Magicbox you have done it now given JQ the new idea - casual pilots - pay for your own endorsement - then they give you a guarantee of 10 hours a week say - hourly rate. Everyone can sit out at the airport in case anyone goes sick !
Don't laugh they do it in other industrys - get casuals in and give them minimal work and they are all super keen to work - easy to find people falling over themselves looking to work when the 'unreliable full time' staff all go sick when they are actually unwell.
Heard some stories about some of the MAM QF casuals flying when grossly unwell simply because they couldn't afford not to do the flight to put food on their table - sure they except it but a lot of people out there want to be FAs as bad as some people want to be pilots - hence why the FAs are getting poked in the posterior with a blunt stick as well !
Jeezzzzzzz Puff, Magic might have put out an idea but your telling everyone how to go about it! Hopefully the cost of competency checks and currency, amongst other things, should/could keep this lunacy at bay! But!!!!!!!!!!!!!!!!!! Lets be careful out there! Wide1.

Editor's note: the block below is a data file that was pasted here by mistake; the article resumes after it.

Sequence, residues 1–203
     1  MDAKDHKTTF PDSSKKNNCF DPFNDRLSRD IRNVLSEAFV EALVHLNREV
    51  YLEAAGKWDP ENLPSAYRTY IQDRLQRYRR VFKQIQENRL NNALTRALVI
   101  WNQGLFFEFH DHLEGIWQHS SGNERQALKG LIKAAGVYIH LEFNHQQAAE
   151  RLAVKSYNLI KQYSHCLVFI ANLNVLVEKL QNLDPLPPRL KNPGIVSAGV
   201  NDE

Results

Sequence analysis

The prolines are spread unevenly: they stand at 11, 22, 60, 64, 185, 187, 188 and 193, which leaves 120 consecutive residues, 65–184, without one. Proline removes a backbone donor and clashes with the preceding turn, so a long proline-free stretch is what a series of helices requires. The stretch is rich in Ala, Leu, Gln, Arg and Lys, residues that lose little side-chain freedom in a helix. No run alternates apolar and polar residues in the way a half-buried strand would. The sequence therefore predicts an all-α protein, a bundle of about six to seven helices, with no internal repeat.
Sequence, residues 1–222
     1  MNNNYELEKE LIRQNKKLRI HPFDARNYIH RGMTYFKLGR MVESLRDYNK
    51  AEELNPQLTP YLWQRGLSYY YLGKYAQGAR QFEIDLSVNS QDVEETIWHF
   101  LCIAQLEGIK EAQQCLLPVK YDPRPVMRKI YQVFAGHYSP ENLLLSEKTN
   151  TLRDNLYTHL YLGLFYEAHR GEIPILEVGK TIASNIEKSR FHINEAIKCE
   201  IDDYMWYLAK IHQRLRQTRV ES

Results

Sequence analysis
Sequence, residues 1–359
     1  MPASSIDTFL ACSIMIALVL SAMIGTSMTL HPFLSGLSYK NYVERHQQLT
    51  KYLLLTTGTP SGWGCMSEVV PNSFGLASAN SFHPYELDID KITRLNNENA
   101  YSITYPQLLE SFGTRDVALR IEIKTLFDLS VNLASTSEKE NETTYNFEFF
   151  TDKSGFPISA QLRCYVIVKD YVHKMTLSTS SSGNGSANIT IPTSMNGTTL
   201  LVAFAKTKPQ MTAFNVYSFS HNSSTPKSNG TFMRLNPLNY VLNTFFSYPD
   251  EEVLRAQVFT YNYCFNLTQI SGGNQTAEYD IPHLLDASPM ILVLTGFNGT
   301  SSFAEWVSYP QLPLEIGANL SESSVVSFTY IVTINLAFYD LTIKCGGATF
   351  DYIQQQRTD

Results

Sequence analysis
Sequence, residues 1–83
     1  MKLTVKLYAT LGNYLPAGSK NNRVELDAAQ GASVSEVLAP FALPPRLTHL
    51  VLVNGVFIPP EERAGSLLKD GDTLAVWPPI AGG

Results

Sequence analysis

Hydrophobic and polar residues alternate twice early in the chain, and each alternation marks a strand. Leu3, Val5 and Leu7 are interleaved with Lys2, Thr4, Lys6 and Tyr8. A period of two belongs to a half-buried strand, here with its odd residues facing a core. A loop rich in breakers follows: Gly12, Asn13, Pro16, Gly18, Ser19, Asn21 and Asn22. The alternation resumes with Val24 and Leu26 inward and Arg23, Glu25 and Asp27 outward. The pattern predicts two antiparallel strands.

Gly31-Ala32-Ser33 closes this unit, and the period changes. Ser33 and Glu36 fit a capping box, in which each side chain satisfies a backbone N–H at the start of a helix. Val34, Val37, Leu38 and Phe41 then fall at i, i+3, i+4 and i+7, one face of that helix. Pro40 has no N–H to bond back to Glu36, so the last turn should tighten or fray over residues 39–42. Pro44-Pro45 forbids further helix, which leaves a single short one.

Many moons ago, I worked for a UK mob, who had about 30:40:30 permanent staff:contractors (me): casuals ----- this included Captains, F/Os and E/O, the fleet was a mixture of B707, both JT-4 straight pipe, and various JT3B variants.
Only two out of eight had a common cockpit, which made it a trifle interesting at times, at least at OneStar it is going to be one type.
Maybe you could even get the FOIs and "sick" pilots from other airlines moonlighting, as we used to in UK.
Apparently at least two casual flight attendants have been stood down in the last week or two by the catins on a330 flights for a demonstrated lack of knowledge of basic emergency proceedures. one a330 skipper I was talking to in the crew room recently,said he is now telling his CM that he will be questioning the casual crew, and will have no problem standing any down that don't know or are unable to explain to him their duties in variou EMG situations.